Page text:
My students experienced this process when they went to an all-day competition for a full-tuition scholarship at Seattle Pacific University. SPU invited 108 students, and 10 were chosen. Two of the kids selected that day were homeschoolers – and both were my children! Boy, did we have a party that day! When they were invited to the competition, they were asked to bring something that represented them. My younger son brought a charcoal drawing he had made of the French Economist, Jean Baptiste Say. My older son brought a chess demonstration board that he used to teach chess in inner city classrooms. Every applicant had fabulous academics, great test scores, and an interesting passion. All of them were able to talk intelligently. There were some “Survivor” moments, when students would try to out-answer, out-talk, and out-volunteer others. My younger son was surprised that other kids would actually speak up more than he did!
I remember when they came home from the competition. They said, “I don’t know if I won, but I had a great time! All the kids were so nice!” They LOVED getting to know new people, really smart kids with lots of interests. They met kids who talked about interesting things all day, and had a blast!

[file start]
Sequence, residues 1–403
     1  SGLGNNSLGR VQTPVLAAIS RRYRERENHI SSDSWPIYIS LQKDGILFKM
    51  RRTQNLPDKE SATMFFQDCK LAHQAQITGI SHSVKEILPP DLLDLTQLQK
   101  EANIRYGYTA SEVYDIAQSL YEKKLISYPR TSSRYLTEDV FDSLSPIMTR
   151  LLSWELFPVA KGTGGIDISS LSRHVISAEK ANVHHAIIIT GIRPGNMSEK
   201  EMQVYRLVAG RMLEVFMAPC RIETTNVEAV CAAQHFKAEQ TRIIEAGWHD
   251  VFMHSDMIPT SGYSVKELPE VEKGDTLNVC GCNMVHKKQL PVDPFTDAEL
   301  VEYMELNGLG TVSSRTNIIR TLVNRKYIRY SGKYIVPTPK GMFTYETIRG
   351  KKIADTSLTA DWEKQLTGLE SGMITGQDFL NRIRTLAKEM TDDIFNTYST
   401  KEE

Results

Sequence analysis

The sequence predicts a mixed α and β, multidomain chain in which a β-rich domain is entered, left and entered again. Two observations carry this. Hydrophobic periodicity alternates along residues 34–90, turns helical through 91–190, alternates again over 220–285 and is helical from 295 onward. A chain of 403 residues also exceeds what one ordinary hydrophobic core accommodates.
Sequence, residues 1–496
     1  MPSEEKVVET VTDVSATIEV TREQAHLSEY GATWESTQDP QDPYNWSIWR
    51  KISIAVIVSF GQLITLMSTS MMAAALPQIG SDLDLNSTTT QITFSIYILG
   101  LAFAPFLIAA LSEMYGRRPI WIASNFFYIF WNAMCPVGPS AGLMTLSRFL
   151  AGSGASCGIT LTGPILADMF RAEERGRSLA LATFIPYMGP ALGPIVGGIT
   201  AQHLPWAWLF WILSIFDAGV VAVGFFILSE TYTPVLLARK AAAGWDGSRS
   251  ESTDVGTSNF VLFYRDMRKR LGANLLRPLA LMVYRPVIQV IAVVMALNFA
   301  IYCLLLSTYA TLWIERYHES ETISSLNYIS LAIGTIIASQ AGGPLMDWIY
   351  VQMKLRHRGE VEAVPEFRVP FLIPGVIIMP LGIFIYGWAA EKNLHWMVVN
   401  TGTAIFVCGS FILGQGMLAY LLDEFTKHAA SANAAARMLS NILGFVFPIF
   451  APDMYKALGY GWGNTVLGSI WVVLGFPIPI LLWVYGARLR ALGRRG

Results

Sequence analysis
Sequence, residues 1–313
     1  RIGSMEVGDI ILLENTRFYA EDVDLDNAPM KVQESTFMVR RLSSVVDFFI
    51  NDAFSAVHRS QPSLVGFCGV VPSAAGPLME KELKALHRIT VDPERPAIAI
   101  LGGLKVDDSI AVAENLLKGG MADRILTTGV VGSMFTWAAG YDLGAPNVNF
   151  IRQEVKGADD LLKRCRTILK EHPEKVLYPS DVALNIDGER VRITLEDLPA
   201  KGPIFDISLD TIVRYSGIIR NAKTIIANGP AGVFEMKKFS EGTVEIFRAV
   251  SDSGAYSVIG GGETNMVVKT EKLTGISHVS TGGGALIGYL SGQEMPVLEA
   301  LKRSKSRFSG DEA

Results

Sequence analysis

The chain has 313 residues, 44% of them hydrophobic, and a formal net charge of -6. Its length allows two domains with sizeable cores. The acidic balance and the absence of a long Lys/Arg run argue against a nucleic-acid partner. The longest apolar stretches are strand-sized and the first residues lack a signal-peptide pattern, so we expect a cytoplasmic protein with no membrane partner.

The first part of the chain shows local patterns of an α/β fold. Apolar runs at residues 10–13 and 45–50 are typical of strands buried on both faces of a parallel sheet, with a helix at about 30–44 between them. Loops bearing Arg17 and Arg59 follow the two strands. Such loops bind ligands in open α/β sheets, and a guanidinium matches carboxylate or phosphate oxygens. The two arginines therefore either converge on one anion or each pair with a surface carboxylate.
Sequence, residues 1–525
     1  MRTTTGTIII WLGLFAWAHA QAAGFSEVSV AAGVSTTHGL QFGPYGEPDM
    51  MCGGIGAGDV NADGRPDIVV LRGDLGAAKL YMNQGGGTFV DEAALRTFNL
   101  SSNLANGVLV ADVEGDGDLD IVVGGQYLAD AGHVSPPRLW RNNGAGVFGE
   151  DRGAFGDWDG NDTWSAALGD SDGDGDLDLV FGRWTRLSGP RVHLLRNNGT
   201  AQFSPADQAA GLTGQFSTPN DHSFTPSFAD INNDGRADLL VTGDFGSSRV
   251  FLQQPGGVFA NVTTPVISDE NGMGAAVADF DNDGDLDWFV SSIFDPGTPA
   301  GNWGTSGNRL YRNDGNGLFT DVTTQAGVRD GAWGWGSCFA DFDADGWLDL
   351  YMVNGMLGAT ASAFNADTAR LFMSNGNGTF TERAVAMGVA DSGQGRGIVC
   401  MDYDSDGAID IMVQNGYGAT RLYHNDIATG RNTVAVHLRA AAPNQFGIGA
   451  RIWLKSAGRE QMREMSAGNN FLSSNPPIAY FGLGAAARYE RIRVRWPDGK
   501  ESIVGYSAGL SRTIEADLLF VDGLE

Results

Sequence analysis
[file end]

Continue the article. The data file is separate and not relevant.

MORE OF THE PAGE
Ultimately, we learned that our students weren’t chosen solely on their performance that day. They were also chosen for intangible reasons. How did they interact with the other students? How did they handle the competitiveness? How did they behave when they thought nobody was looking? In reality, the selection boiled down to socialization and character. Talk about a homeschooling advantage! Ultimately, I think they won because of how much fun they had. They went in with the right attitude and their authenticity and enthusiasm were apparent to all.ZEven my “quiet” son did well, thus proving it’s not as much about being outgoing as it is about being genuine.
Karla did a wonderful job of preparing her son for a scholarship competition, and has some fabulous advice!
Lee, I wanted to share my son’s scholarship interview and experience, but it was too long to put as a Facebook post. I hope you don’t mind hearing the longer version! My son, Jeremy, has been accepted at George Fox for the fall and plans to go into the electrical/computer engineering program. His SAT scores were such that he has already received the $10,000 scholarship. In addition he was invited to their scholarship competition in February.
On the way to the college his dad and I spent a fair amount of time discussing what we thought they might ask in an interview: “tell us about yourself,” “what are your strengths/weaknesses?”, “what are your goals?” etc. Several ideas came straight from your post about these interviews.